Nature Is Not a Machine—We Treat It So at Our Peril

First published as “Nature Is a Jazz Band, Not a Machine” by Institute of Art and Ideas | News on July 30, 2021.

From genetic engineering to geoengineering, we treat nature as though it’s a machine. This view of nature is deeply embedded in Western thought, but it’s a fundamental misconception with potentially disastrous consequences.

Climate change, avers Rex Tillerson, ex-CEO of ExxonMobil and erstwhile US Secretary of State,  “is an engineering problem, and it has engineering solutions.” This brief statement encapsulates how the metaphor of the machine underlies the way our mainstream culture views the natural world. It also hints at the grievous dangers involved in perceiving nature in this way.

Rex Tillerson: a powerful and highly destructive proponent of treating nature as an engineering problem

This mechanistic worldview has deep roots in Western thought. The great pioneers of the Scientific Revolution, such as Galileo, Kepler, and Newton, believed they were decoding “God’s book,” which was written in the language of mathematics. God was conceived as a great clockmaker, the “artificer” who constructed the intricate machine of nature so flawlessly that, once it was set in motion, there was nothing more to do (bar the occasional miracle) than let it run its course. “What is the heart, but a spring,” wrote Thomas Hobbes, “and the nerves but so many strings?” Descartes flatly declared: “I do not recognize any difference between the machines made by craftsmen and the various bodies that nature alone composes.”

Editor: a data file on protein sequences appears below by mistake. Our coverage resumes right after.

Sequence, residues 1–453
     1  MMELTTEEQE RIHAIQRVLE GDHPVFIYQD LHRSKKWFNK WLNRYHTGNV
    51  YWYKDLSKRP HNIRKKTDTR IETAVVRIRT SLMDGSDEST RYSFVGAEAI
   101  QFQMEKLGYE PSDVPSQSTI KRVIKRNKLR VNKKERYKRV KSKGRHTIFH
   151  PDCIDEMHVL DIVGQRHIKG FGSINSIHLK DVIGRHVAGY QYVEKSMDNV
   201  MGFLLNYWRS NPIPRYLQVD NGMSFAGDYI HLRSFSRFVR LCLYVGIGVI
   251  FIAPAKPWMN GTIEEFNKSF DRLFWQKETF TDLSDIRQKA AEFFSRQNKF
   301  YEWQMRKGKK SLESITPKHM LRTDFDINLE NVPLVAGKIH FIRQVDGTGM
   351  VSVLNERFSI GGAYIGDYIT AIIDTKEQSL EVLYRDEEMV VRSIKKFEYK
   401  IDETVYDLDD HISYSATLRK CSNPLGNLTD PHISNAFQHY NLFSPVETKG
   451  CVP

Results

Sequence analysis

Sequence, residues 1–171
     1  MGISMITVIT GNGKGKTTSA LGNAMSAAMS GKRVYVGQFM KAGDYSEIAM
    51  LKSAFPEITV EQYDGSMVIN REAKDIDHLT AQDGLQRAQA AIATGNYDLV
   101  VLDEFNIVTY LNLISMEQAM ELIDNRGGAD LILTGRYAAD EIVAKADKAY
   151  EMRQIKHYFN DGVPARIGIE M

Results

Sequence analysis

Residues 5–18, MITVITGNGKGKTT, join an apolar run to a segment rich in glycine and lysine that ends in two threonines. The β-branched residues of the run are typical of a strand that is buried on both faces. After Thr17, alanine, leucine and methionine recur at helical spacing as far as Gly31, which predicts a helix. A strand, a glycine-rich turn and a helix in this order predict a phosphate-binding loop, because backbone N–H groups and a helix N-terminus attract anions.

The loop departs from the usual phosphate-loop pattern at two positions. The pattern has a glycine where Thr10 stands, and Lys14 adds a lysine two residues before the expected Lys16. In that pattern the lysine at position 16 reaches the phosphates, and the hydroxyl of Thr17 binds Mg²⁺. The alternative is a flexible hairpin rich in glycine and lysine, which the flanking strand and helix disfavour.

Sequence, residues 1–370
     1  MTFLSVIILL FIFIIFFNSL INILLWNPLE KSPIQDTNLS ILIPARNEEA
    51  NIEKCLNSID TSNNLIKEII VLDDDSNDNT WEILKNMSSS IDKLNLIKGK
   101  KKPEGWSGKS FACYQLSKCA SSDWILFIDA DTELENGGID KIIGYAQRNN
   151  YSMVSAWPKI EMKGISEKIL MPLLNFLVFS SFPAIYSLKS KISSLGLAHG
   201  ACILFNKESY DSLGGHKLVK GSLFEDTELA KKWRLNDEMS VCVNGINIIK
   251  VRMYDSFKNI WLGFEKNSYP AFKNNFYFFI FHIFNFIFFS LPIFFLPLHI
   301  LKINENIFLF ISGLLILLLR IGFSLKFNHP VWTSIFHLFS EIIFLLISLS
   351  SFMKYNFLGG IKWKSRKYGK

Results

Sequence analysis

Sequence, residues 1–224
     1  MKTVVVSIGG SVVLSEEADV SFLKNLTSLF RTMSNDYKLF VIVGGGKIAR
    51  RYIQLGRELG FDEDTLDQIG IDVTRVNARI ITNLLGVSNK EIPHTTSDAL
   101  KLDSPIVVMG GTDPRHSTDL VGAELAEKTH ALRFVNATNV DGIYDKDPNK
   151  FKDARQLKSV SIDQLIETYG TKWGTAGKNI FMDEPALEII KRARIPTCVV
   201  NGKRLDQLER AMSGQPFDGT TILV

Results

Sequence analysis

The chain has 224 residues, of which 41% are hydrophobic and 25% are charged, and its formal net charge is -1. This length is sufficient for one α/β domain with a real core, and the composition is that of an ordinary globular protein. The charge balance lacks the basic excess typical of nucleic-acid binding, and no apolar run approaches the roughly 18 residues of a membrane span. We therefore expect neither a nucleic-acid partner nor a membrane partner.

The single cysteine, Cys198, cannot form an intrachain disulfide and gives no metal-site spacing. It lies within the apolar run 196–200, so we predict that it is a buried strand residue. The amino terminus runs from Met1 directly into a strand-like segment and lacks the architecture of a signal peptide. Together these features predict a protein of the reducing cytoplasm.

In recent decades, the mechanistic conception of nature has been updated for the computer age, with popularizers of science such as Richard Dawkins arguing that “life is just bytes and bytes and bytes of digital information” and as a result, an animal such as a bat “is a machine, whose internal electronics are so wired up that its wing muscles cause it to home in on insects, as an unconscious guided missile homes in on an aeroplane.” This digital metaphor of nature pervades our culture and is used unreflectively by those in a position to direct our society’s future. According to Larry Page, co-founder of Google, for example, human DNA is just “600 megabytes compressed, so it’s smaller than any modern operating system . . .  So your program algorithms probably aren’t that complicated.”